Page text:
A “scheduled loss award” is a workers’ compensation benefit paid to an injured worker for the loss of use of a body part. The most common scheduled loss payments are for the loss of use of a limb, eye, or arm.
The value of a scheduled loss award is determined by state law based on a percentage of the worker’s average weekly wage. State law dictates the number of weeks for which the award is paid.
A worker who sustains an injury is eligible for a scheduled loss award as well as temporary total disability or permanent partial disability benefits in the majority of states. In certain states, however, an injured worker is only eligible for one type of benefit. Read on to learn about scheduled loss awards in workers’ compensation!
A “scheduled loss award” is, in general, a benefit paid to an employee who has lost the use of a body part. The most common scheduled loss compensations involve the loss of use of a limb, an eye, or an arm.
State law determines the value of a scheduled loss award, which is proportional to the worker’s average weekly wage. The number of weeks an award is paid is determined by state law. In addition to benefits for temporary total disability or permanent partial disability, an injured worker will typically receive a scheduled loss award.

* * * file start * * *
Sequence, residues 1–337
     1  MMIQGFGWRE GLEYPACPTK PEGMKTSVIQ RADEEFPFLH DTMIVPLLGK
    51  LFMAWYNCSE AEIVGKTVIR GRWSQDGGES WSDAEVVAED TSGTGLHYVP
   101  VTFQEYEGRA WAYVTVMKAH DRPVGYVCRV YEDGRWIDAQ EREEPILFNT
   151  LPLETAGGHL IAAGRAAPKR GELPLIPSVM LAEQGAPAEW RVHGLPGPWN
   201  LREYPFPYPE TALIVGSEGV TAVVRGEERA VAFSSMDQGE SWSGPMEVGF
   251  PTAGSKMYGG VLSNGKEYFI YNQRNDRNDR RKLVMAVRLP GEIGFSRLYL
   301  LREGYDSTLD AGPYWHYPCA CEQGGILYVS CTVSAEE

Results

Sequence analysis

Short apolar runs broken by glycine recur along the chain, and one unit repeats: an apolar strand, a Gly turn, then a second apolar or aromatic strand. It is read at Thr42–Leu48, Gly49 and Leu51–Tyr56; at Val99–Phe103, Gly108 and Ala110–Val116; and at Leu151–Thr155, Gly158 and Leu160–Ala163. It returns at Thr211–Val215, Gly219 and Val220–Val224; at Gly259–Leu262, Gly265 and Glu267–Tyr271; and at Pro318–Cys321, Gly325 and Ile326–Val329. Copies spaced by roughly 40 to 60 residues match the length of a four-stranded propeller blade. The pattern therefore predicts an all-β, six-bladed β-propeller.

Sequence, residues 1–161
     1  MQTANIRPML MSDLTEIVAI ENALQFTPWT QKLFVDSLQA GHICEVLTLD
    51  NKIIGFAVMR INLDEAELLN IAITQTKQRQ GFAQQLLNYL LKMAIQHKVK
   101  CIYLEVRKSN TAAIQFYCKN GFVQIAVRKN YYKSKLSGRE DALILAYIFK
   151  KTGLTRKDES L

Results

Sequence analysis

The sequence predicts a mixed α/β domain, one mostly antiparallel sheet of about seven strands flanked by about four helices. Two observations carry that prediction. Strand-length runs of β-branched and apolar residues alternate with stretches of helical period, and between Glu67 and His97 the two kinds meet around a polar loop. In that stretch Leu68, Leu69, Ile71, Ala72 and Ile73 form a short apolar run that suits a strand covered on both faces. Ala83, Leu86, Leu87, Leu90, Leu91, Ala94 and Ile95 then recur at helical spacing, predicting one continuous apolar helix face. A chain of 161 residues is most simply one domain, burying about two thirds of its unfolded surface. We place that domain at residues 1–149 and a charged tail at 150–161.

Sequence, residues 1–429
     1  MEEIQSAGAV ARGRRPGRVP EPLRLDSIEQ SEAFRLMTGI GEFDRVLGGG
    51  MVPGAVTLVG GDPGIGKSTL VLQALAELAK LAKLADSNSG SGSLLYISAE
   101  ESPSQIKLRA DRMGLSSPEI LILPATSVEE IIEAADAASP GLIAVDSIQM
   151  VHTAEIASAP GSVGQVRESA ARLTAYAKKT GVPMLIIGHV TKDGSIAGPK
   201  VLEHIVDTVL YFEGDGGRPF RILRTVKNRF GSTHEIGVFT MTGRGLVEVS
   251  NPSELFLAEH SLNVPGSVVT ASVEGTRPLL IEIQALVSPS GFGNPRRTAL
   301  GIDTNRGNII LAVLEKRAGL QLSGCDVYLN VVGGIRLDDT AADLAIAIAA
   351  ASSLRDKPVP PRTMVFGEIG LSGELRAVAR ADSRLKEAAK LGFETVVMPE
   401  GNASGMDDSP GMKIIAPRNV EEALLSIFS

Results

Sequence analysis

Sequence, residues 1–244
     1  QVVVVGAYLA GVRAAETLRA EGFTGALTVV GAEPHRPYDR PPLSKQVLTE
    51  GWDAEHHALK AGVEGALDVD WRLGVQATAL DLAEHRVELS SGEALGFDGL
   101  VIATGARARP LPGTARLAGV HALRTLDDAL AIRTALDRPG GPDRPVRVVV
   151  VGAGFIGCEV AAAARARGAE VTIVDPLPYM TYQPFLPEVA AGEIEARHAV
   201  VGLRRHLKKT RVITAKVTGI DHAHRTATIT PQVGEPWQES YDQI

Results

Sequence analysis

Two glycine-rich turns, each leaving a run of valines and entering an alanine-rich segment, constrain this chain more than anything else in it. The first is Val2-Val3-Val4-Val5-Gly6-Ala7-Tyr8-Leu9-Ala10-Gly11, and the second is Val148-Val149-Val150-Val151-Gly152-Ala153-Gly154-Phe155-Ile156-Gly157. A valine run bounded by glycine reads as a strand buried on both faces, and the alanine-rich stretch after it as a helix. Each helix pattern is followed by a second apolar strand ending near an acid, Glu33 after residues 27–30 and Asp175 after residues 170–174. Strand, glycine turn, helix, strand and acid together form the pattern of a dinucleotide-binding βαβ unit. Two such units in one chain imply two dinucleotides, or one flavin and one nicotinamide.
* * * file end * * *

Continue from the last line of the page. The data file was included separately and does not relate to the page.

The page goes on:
The value of a scheduled loss award is calculated as a percentage of the average weekly wage of the worker. The rate varies depending on which body part is affected. In the majority of states, a worker who loses the use of an arm will receive compensation equal to two-thirds of their average weekly wage.
The number of weeks a scheduled loss award is paid varies by state. The longer a worker has been employed, the greater the number of weeks of benefits they will receive. For example, a worker with at least ten years of employment may receive benefits for up to 260 weeks.
In certain instances, a worker may be eligible for both a scheduled loss award and an unscheduled loss award. A non-scheduled loss award is paid for the loss of use of a body part not listed in the state’s workers’ compensation statute. For instance, an employee who loses the use of two fingers may be eligible for an unscheduled loss award in addition to their scheduled loss award.
The purpose of scheduled loss awards in workers’ compensation is to compensate an injured worker for the loss of use of a body part. These awards are based on a percentage of the employee’s pre-injury wages. Contact our experienced workers’ compensation attorneys Gaylord and Nantais at (562) 561-2669 to learn how scheduled loss awards may affect your workers’ compensation case.